4th Year Undergraduate in Computer Science, Michigan Engineering
Labiba Qazi is passionate about student advocacy. Diversity, equity, and inclusion have been a pertinent focus within her work. She is the current President of the Engineering Student Government (ESG), representing over 11,000 students, and has served as the social chair for the Muslim Engineering Society (MES), the DEI chair for the Society of Women Engineers (SWE), and also as the Students of Michigan Chair on the Central Student Government executive board before coming to U-M as a transfer student. During her time in ESG and MES, she has championed initiatives that advocate for reducing biases in recruitment for organizations and has voted to provide funding for other student organizations and project teams, focusing on events with the greatest impact and focus on DEI and student life. Qazi continues to work with administration and faculty to discuss equity-centered engineering curriculum and she has hosted workshops such as STEMclusivity, which focus on disability equity, academic disparity, and other topics within engineering – such as implementing a Code Lab for students to easily access help.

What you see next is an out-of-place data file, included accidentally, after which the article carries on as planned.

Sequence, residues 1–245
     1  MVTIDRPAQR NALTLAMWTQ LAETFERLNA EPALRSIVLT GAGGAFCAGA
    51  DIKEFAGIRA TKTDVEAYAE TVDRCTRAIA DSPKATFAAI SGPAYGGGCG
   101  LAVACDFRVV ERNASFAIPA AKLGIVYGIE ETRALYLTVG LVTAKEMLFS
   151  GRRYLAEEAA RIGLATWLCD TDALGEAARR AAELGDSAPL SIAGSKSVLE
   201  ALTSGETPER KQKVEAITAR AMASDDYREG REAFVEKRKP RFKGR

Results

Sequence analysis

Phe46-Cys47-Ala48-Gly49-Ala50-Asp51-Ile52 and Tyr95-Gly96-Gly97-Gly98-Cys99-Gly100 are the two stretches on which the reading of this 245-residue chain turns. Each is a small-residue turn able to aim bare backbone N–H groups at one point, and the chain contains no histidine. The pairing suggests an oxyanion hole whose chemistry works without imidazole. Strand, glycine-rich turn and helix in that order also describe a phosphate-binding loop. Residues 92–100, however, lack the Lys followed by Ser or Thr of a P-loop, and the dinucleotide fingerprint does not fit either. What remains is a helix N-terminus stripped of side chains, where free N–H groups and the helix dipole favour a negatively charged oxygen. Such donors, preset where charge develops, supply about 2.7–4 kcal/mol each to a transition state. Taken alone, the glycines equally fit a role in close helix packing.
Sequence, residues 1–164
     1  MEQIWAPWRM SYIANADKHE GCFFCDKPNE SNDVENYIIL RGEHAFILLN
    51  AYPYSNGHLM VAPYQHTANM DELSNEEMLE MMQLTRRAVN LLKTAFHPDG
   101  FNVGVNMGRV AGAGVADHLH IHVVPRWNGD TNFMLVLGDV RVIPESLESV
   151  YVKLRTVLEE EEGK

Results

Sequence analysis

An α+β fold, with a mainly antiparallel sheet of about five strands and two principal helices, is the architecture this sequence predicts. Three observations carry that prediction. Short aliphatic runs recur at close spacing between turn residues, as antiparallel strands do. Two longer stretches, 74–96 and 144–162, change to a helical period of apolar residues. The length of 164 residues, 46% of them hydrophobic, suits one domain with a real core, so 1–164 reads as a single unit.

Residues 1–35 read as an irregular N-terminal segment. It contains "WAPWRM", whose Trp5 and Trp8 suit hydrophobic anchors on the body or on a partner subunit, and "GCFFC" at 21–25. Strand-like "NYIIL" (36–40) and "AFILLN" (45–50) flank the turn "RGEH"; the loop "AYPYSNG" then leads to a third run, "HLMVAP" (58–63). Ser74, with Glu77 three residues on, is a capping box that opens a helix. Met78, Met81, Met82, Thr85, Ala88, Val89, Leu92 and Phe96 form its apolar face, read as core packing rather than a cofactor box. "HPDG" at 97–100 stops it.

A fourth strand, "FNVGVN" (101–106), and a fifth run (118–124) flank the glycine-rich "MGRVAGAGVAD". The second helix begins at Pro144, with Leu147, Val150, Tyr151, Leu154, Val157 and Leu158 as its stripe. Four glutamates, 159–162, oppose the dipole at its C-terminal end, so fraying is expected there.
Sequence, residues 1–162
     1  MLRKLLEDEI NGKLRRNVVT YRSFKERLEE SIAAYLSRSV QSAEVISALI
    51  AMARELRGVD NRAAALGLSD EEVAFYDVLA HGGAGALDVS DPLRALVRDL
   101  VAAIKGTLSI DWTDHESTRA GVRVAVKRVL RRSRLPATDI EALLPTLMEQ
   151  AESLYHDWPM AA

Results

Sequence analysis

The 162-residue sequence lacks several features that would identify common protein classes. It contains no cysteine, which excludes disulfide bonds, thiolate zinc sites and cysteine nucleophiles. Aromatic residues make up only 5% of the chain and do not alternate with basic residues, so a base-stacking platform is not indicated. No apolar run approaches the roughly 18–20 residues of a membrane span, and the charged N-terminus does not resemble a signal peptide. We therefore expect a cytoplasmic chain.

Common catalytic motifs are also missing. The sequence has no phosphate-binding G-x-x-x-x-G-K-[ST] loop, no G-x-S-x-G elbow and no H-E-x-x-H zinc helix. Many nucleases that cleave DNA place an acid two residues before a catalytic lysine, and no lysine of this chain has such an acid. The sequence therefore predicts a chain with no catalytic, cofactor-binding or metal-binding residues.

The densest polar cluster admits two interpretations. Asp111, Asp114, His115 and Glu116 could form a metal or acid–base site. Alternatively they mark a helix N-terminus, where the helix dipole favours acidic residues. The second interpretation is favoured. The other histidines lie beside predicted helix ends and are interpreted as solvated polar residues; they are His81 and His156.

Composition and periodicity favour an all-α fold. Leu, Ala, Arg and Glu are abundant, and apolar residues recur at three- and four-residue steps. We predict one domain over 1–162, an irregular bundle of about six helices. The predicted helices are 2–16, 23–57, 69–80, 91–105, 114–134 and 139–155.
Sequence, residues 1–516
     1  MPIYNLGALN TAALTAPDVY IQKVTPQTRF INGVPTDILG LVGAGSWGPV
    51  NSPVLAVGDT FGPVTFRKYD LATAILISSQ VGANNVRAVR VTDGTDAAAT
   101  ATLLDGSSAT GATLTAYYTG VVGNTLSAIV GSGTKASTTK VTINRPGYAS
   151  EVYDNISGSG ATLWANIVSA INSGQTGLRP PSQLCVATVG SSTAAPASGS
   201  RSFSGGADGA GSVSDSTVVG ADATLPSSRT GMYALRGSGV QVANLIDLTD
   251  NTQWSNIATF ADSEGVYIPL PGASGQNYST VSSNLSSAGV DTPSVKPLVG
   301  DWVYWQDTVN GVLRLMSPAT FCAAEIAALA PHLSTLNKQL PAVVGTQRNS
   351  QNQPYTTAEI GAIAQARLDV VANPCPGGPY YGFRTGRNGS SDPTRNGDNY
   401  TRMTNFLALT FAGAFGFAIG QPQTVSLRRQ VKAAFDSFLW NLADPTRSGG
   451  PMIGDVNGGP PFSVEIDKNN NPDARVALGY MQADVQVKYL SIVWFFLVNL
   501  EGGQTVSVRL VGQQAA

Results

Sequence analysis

Being your best DEI self: Think of a time when you were at your best at advancing diversity, equity, and inclusion. What happened? Who was there? Why did you feel at your best?
“I’m at my best when I’m working with my peers to solve the pertinent issues students face on campus with regard to accessibility and accommodations. As the previous chair of the DEI committee in Engineering Student Government, we reached out to faculty and administration to provide insight through seminars on the resources that exist for students and provide their input on how all students within student organizations can make organizations more accessible. When these talks create actual change within organizations, it benefits all students, but especially provides a more equitable space for those who need better support.”
In envisioning the future, how would you describe progress in the realm of diversity, equity, and inclusion? What might it look like?
“DEI work involves heavy conversations; I envision progress to represent conversations that are heard and understood by all. Further, I envision spaces where action, whether in terms of initiative or attitude, is taken immediately.”
What does it mean to you to be a recipient of the MLK Spirit Awards?
“I am very honored to be selected as a nominee; I acknowledge that the work that I do is small in comparison, but every student I can encourage through my leadership to work towards further progress within DEI issues, and every student I can impact positively is an accomplishment for me.”